Mandla Majola: Finding his life’s path

Mandla Majola: Finding  his life’s path

At the time it seemed a frivolous cause, maybe even an illegitimate one. But when the disease found its way into their family, Mandla realised he was in it for the long run.

The death of Mandla’s aunt was a difficult time for his family. She had been clear about her HIV status but the family elders were still in denial. Their explanation for her death was that their child had been bewitched. ‘The family never spoke about her cause of death,’ recalls Mandla.

After his aunt’s death, Mandla was determined to find out more about HIV/AIDS and make a difference to people’s lives.

It was never a selfish decision. Commenting on why he decided he had to be part of the movement all those years ago, Mandla speaks about growing up in an environment that taught him about the importance of community.

‘It’s always about your neighbour; it’s a foreign thing to think about myself and my family. I worry about the child next door, I didn’t grow up in an environment that says it’s not my business,’ he says. It is this attitude that allows him to declare himself a humanist.

Today, Mandla is the Western Cape’s provincial coordinator, overseeing 60 TAC branches in Khayelitsha. The TAC has come a long way from its humble beginnings at the Klipfontein branch, where they started with 30 members. ‘Our meeting venue was tiny, and most people were standing outside listening in through the windows,’ says Mandla.

Back then, Mandla says the TAC was no more than a group of women who had to build a bigger network. Although HIV/AIDS affected both men and women, it was always the women who felt its wrath, and who became caregivers to the sick. Grandmothers had to nurse their children back to health, and looked after orphaned children. Now, the TAC’s leadership is dominated by women.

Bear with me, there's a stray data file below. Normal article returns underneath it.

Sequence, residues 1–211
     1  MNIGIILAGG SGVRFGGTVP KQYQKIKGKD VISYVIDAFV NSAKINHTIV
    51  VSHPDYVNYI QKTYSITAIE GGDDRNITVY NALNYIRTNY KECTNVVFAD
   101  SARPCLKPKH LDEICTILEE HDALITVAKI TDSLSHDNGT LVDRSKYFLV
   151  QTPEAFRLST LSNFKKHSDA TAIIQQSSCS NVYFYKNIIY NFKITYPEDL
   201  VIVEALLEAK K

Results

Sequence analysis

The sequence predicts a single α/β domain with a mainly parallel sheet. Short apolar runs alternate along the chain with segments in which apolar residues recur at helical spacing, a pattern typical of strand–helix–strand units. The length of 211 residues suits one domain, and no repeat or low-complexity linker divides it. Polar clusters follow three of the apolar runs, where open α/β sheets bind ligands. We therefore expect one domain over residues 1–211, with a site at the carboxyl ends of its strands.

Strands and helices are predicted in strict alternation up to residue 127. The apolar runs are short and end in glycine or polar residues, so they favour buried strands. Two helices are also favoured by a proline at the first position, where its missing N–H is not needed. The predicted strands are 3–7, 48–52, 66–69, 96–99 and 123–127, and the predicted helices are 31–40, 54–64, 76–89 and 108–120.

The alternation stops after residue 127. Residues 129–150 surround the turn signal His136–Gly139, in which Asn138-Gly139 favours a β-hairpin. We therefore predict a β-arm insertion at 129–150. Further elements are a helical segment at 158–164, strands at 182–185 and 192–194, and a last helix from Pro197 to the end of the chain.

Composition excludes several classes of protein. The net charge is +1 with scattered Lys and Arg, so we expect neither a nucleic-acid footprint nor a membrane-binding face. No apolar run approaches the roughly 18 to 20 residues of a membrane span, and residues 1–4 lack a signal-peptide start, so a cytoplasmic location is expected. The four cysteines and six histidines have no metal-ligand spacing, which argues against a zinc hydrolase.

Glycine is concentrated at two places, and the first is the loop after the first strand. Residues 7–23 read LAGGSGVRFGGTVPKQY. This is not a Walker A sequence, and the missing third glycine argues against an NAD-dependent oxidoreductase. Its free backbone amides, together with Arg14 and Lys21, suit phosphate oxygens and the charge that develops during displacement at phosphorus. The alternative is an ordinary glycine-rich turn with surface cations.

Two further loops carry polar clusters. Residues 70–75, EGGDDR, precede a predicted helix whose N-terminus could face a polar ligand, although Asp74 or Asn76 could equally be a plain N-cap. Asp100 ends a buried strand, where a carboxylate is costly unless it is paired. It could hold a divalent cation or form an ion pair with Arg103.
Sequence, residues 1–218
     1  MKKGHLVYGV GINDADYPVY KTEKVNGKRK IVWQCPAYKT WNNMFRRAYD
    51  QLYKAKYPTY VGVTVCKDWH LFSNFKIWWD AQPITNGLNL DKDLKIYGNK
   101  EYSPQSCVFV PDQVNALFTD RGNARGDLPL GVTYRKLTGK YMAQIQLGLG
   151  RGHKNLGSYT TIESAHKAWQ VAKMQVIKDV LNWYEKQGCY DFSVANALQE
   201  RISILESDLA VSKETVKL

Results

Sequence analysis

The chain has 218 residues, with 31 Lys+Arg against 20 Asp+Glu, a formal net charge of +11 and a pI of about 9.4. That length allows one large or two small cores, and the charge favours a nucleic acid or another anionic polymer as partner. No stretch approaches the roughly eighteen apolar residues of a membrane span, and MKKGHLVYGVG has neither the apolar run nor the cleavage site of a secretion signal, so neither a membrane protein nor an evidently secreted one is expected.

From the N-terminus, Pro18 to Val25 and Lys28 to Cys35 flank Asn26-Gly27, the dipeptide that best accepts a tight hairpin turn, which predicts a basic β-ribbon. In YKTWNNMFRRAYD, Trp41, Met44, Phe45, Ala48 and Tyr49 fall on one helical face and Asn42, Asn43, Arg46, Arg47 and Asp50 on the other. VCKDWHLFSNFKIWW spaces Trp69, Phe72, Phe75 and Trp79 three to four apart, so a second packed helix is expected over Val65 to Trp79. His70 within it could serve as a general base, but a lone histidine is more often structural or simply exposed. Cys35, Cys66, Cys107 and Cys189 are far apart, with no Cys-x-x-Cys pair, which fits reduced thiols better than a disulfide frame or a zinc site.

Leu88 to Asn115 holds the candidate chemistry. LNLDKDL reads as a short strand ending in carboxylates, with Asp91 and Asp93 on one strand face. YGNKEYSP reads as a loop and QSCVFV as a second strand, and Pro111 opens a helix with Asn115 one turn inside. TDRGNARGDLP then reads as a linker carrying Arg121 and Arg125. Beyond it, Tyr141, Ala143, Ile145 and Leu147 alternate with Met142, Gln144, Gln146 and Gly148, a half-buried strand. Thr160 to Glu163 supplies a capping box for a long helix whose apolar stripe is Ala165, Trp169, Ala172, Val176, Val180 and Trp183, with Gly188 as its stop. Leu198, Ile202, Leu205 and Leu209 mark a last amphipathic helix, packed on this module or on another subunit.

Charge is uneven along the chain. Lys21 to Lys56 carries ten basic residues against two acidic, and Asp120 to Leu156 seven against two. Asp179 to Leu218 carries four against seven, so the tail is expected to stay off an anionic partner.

As long as people are dying from HIV/AIDS, the TAC will be relevant. The organisation has lasted over the years because of its understanding that some battles cannot be won in isolation. It is imperative that they create working relationships with other organisations. Because it is always the first to extend a helping hand to partner organisations, it is never short of assistance when it is required. But there are still issues that Mandla worries about, including finances.

Recently, the TAC has been going through a very difficult financial period, funding is drying up, and without financial muscle, it is difficult to continue treatment literacy programmes and the other programmes the TAC provides for the community.

Mandla is also concerned about the disconnection between issues identified at district level offices and those at the national office of the TAC. One such issue is substance abuse. ‘Many people think it’s irrelevant but we see so many 14-year-olds being abused because they are busy with tik,’ says Mandla.

‘The only thing that they have is sexual intercourse to get money, and that is a direct threat to our prevention and strategies of HIV,’ he explains.

But, ‘If there is no funding for drugs and substance abuse, we can’t address these issues and then we are irrelevant,’ he says.

While the TAC has come a long way, there is a lot more work to be done. There are many social ills and socio-economic inequities that continue to drive the spread of HIV/AIDS. There are still many people who do not know enough about HIV/AIDS, and there are even more people who rely on the TAC to keep up the good fight.

While some argue that TAC is an organisation that is impatient in its activism. Mandla is adamant that they cannot be anything else. ‘We are activists, we can’t wait for the government when people are dying now.